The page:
Thanks to @readforeverpub & Netgalley for the complimentary ARC. All opinions provided my own.
@romance.in.the.wild 's glowing review of Emily Sullivan’s A Rogue to Remember made me request it right away & let me tell you that I did not regret it. This stunning debut is so emotionally rich, the setting is sumptuous, the way it kept me on a knife’s edge until it finally tumbled into a HEA was divine.
Set largely in 1897 Italy, ARTR tells the second chance story of Lottie Carlisle & Alec Gresham, who both grew up with Lottie’s political mastermind uncle as guardian. Very close as children, they had one magical night where it seemed their relationship would become romantic & then Alec left abruptly without word.
Five years later, Alec, an agent of the crown, has come to Italy to bring the wealthy Lottie back to England before she succeeds in deliberately ruining herself. On their journey home they must wrestle with the weight of their past, shared & not, &, among other things, Alec must decide if he’s willing to take what Lottie would offer.
I’m so excited about Emily Sullivan’s talent, about these characters she’s written & how beautifully she writes their journey. On top of the aforementioned emotional mastery on display here, this book offers stellar sex scenes including one in front of a mirror 🥵 & I think that’s all I need to say about that.
I did think that one aspect of the plot could have been a little tighter but wow, what a book!
5 ⭐️. A Rogue to Remember is available on 03/09/21.
Thanks to Berkley for inviting me to join the blog blitz for the first 5⭐️ book I read this year: Megan Crane's Special Ops Seduction. Read on for my review!
Q: what’s your fave song to dance to at a wedding?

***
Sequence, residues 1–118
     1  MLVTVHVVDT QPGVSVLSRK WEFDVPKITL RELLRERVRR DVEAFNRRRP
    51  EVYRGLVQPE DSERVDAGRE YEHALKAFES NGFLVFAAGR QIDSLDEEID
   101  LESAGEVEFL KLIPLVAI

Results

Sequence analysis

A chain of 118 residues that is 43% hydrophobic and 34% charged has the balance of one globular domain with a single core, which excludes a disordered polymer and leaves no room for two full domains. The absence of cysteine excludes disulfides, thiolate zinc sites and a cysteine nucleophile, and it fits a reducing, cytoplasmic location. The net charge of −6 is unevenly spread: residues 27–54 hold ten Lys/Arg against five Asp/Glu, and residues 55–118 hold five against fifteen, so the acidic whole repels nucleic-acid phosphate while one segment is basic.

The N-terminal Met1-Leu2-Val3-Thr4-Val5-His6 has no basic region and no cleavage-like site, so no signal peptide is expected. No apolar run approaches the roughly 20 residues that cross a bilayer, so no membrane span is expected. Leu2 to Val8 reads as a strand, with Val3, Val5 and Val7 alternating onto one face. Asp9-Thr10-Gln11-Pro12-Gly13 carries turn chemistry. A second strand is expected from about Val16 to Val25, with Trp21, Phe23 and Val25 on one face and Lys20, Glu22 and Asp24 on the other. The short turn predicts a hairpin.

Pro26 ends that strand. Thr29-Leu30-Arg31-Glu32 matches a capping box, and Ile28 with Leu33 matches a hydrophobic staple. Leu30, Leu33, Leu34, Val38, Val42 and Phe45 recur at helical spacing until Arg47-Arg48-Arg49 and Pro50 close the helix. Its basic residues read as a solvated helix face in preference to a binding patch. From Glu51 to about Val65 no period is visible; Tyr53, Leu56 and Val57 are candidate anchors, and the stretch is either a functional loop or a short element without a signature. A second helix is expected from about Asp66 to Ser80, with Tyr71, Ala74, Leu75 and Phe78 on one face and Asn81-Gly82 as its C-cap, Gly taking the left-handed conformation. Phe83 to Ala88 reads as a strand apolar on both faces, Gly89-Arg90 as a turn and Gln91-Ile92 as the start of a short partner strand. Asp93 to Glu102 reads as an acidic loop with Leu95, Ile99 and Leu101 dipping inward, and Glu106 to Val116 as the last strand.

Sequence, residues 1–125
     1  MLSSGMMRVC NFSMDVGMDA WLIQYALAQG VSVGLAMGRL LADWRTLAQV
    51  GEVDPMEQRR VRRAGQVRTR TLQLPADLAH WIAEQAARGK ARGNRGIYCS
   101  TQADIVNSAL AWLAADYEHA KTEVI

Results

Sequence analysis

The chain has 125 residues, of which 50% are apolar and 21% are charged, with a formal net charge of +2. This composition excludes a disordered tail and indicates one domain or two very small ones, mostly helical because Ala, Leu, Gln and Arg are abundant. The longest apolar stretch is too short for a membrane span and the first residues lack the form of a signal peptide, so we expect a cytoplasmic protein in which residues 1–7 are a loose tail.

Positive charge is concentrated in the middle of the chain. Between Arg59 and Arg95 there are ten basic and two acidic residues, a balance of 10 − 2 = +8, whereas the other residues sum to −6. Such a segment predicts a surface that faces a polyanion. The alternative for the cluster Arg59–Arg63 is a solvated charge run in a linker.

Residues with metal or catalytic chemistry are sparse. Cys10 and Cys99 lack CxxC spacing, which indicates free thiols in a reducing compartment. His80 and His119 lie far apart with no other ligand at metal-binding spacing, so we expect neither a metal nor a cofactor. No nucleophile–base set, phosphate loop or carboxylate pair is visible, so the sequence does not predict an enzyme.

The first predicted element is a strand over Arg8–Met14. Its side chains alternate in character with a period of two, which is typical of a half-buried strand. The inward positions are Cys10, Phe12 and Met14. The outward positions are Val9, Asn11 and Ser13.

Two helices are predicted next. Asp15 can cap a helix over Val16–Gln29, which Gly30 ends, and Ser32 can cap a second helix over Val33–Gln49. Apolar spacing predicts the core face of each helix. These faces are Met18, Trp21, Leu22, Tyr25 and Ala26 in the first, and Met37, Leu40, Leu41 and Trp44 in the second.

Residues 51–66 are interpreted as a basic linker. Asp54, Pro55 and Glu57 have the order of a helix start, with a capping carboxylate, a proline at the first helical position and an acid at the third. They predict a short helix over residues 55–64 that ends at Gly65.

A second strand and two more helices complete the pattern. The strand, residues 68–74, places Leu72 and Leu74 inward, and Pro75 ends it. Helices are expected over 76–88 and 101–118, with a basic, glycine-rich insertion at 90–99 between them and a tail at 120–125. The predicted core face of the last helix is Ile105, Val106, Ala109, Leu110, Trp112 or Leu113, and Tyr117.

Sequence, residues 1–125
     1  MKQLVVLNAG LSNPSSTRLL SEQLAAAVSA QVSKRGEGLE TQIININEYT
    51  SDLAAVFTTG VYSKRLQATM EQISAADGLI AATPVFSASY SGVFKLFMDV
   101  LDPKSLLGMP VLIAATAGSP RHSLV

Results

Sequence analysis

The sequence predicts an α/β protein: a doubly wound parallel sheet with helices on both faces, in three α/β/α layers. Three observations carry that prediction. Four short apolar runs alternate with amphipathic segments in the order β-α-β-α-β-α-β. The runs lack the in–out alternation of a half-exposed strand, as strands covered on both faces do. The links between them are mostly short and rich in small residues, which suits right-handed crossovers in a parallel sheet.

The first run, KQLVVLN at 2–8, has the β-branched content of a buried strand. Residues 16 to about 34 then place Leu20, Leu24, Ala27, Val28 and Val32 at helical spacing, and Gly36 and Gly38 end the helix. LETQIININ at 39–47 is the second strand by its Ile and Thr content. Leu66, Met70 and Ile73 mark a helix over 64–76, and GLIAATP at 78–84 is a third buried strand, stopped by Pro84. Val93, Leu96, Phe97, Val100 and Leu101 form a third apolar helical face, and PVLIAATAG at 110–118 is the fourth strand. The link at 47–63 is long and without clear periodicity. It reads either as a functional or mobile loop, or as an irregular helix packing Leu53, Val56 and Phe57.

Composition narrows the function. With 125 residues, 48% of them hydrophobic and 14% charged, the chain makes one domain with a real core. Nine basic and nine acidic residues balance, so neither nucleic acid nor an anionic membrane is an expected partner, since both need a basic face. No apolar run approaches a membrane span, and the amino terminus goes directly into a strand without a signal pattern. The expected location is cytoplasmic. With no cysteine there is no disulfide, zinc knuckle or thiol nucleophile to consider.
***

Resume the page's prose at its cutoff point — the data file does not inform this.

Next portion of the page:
Special Ops Seduction wowed me in a big way with some of my kryptonite: an ice cold hero who can barely engage with the heroine because of his *very* reluctant feelings for her; a nuanced, standout heroine who’s a physical powerhouse & the only female on her special ops team; fake dating (!) for the job; & a pivotal sex scene that’s an exquisite mix of steam & emotion.
I ate this one up with a spoon.
Bethan Wilcox is immensely capable. She’s worked very hard for her military & special ops accomplishments & while she loves what she does, she’s also drawn a thick line between how she comes across in public & her outrageously soft, cushy home.
If Bethan is secretly decadent, Jonas Crow is—to no one’s surprise—ascetic inside & out. He’s stoic to the extreme & afraid of having good feelings, especially when they’re sparked by Bethan.
Pretending to be a fake couple for an op really shakes them up in the best possible way.
Megan Crane really has her pulse on every emotion I wanted wrung from me with this one; when I say that this ending made me happy. Well. Jonas has denied himself for so long that when he finally reaches out I wanted to cheer. Or cry. Or both.
Sexy, thoughtful, & with leads I adored, this book is practically wrapped with a bow for all lovers of romantic suspense.
Chemical warfare plot line. Also, the hero almost dies before the story begins & he didn’t want to be saved. There are flashbacks.